Sunday, December 26, 2004

Morning Poems by Robert Bly - Uncommonly Common

The other day when I mentioned that I would blog about the poetry book which I believe was the most influential one to me that I read this past year, I did not at that moment have a specific book in mind. There are a number of poets that I have read individual works of that were inspiring to me, but not an entire book written by them, so I will limit my choice the criteria of a book by a single poet. There are many that have impacted me in one way or another. But I have chosen in the end, a book that is written by a living poet, Robert Bly.

Morning Poems by Robert Bly is a small book. I read it the first time in an afternoon on a bus trip with my youngest daughter. Reading aloud many of the poems that struck me as the most interesting. My daughter, who is not particularly into poetry, seemed to enjoy many of these gems. A book of poems that can penetrate the minds that are normally closed to poetry must have something going for them.

What Bly's book did most for me was to reinforce the idea that poetry that is not static. Most of these works were about what seemed like common folks -- in common situations in life that were often told in a most uncommon context. I liked that. I liked the freedom that seemed to radiate from the pages. The freedom to know it was alright to let go with my own writing and be more bold about the images. It is very liberating to come to that point where I can accept that I don't have to explain away everything... like the poem must have a set of instructions to understand it.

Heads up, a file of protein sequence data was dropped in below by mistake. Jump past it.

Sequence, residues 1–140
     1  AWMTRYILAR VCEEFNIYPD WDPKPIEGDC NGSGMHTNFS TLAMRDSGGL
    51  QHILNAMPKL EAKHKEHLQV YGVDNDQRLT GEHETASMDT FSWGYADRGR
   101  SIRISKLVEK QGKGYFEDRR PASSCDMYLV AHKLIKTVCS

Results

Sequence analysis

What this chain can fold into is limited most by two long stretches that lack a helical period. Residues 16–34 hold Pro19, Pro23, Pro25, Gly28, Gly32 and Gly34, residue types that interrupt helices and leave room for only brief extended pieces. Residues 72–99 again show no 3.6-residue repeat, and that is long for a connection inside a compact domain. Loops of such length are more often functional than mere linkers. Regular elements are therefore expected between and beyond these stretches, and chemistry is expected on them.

Bly also reinforces that notion that writing about common things is quite all-right. I do recognize Bly as a poet with a history of activism. An outspoken critic of the war in Vietnam and the present war in Iraq. He can be quite serious about some of his messages. This is alright by me because I certainly believe that when possible, poets should play a role in the defense of humanity. But alas, it is his "down home" subject matter I like and the fact that he can challenge you so well with his imagery of everyday life.

I'd like to know some of your favorite poetry books - ones that greatly impacted you any why.

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